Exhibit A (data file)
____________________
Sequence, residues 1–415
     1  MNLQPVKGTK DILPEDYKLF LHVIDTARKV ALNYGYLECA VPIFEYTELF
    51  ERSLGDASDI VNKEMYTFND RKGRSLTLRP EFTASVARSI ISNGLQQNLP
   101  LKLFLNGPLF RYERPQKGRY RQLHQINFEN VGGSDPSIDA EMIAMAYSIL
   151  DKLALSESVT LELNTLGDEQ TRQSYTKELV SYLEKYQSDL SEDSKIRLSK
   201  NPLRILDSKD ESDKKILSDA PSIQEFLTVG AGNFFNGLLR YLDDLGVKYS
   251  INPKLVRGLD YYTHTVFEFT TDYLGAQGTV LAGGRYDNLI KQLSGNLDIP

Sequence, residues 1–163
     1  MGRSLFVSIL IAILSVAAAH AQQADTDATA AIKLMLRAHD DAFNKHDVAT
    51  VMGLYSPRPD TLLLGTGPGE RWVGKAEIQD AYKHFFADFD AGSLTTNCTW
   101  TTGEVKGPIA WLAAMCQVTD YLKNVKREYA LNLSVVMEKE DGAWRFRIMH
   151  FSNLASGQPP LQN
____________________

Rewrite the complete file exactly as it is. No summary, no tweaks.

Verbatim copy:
Sequence, residues 1–415
     1  MNLQPVKGTK DILPEDYKLF LHVIDTARKV ALNYGYLECA VPIFEYTELF
    51  ERSLGDASDI VNKEMYTFND RKGRSLTLRP EFTASVARSI ISNGLQQNLP
   101  LKLFLNGPLF RYERPQKGRY RQLHQINFEN VGGSDPSIDA EMIAMAYSIL
   151  DKLALSESVT LELNTLGDEQ TRQSYTKELV SYLEKYQSDL SEDSKIRLSK
   201  NPLRILDSKD ESDKKILSDA PSIQEFLTVG AGNFFNGLLR YLDDLGVKYS
   251  INPKLVRGLD YYTHTVFEFT TDYLGAQGTV LAGGRYDNLI KQLSGNLDIP

Sequence, residues 1–163
     1  MGRSLFVSIL IAILSVAAAH AQQADTDATA AIKLMLRAHD DAFNKHDVAT
    51  VMGLYSPRPD TLLLGTGPGE RWVGKAEIQD AYKHFFADFD AGSLTTNCTW
   101  TTGEVKGPIA WLAAMCQVTD YLKNVKREYA LNLSVVMEKE DGAWRFRIMH
   151  FSNLASGQPP LQN